Illustration by Ashley Trail
It’s no question that this past year has been incredibly difficult for all of us…well, almost all of us. The Class of 2021 actually lucked out with this whole pandemic, because we’ve gotten to spend our entire senior year in isolation. I would tell you exactly how many hours of free time that translates into, but I’m too lazy to do the math—just know that being a senior has never been easier. One would think that the Class of 2021 would be grateful for such a long vacation, but I’ve been noticing the disturbing spread of an illness dubbed “senioritis.” Those affected by senioritis often develop Zoomphobia, lazy habits, and even suffer from poor vision (yes, that’s why we used such a large font for The Mark). Our heroic teachers are working tirelessly to combat this illness. They have strategically increased the workload, hoping to reignite a love of learning within their sick students.
Even as a senior myself, I find it incredibly difficult to catch this strain of senioritis. And I’ve tried, believe me—when my friends decide to ditch homework and have fun, I tag along. Five minutes into the “fun,” I get the strangest urge to refresh Canvas and see if my teachers have posted anything new for me to complete…because to me, that is fun. The urgency grows so unbearable that I have to rush home and open my copy of Invisible Man, because man, there’s just something liberating about assigned reading. Usually I finish the week’s reading in a day (two days if I’m feeling a bit lazy myself).
You might wonder: am I ever so overwhelmingly lonely and bored that I go outside and touch the grass in hopes of preserving my emotional stability? The answer is no. Absolutely not. Only a few times last week. Canvas notifications are like friends, but way more reliable: they never forget to send you “good morning” and “good night” messages, and they provide all the company I’ll ever need. Oftentimes I’ll open Instagram and see that some of my peers have committed to college. People say it’s fun to open an acceptance letter and have your screen filled with confetti, but I don’t really understand the hype—Canvas has that same feature when you turn in your assignments.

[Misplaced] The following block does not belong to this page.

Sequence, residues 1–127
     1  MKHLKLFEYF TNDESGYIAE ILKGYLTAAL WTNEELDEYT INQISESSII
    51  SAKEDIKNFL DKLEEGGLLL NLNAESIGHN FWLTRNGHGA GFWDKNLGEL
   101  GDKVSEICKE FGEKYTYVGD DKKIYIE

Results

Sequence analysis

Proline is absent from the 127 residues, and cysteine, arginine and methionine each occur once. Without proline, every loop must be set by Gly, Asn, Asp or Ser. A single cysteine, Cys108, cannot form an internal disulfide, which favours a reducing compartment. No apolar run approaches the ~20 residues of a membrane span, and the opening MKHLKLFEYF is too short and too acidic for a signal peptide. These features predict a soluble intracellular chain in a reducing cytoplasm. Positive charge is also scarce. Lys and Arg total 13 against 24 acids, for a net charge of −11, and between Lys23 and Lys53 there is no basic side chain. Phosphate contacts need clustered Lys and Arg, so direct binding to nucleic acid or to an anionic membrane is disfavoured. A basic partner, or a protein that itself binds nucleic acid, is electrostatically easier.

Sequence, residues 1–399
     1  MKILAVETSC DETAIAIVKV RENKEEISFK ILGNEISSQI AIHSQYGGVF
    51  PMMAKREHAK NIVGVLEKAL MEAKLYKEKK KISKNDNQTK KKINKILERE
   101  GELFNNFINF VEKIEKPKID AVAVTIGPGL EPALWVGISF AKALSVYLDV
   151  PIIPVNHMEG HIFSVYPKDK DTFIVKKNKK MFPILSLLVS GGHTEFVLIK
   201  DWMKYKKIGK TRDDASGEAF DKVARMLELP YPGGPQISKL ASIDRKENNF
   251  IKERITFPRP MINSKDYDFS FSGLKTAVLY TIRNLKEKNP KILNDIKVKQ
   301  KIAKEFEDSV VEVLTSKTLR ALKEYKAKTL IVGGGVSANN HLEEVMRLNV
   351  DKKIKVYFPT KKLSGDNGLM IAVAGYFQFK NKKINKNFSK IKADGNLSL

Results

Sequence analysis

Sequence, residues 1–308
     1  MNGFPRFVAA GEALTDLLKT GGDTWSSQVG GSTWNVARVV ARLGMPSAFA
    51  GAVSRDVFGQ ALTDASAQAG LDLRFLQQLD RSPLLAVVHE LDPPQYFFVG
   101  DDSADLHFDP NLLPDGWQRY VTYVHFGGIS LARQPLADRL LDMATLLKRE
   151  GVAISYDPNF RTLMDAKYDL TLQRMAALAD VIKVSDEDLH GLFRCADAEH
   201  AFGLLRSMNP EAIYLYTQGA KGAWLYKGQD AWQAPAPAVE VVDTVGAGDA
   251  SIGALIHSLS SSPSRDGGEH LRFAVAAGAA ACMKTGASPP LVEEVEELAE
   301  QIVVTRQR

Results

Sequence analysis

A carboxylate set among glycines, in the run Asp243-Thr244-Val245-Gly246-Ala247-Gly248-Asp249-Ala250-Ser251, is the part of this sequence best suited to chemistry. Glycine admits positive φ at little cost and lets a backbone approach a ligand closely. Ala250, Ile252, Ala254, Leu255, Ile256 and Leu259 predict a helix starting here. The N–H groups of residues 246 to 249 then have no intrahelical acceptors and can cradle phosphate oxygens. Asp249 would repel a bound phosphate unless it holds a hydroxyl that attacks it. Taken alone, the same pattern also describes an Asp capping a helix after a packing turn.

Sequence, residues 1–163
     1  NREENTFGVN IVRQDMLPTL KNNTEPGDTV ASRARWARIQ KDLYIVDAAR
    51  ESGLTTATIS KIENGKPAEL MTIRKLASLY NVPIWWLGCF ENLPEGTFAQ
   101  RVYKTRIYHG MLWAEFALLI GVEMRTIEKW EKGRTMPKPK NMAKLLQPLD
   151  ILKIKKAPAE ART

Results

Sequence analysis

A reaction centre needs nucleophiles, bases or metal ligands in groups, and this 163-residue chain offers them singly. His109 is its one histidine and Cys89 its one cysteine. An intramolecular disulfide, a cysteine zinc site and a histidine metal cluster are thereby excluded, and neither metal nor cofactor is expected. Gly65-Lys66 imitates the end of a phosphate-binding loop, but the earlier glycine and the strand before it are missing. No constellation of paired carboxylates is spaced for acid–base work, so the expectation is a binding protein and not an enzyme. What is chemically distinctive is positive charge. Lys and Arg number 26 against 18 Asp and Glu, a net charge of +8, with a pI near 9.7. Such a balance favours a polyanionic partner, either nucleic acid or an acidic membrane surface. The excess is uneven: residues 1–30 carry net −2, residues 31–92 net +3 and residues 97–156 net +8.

Those with senioritis should continue to follow community safety guidelines even as they return to school; I’m concerned that this laziness will spread even more rapidly if we place seniors too close to each other. Responsible students like myself have already gotten vaccinated and are perfectly content with staying home to do schoolwork all day. Make sure to stay six feet apart from every teenager you see (sometimes it helps to show them a book—they’ll run away like vampires from a stake). Senioritis is a dangerous disease. If you catch it, there’s no going back.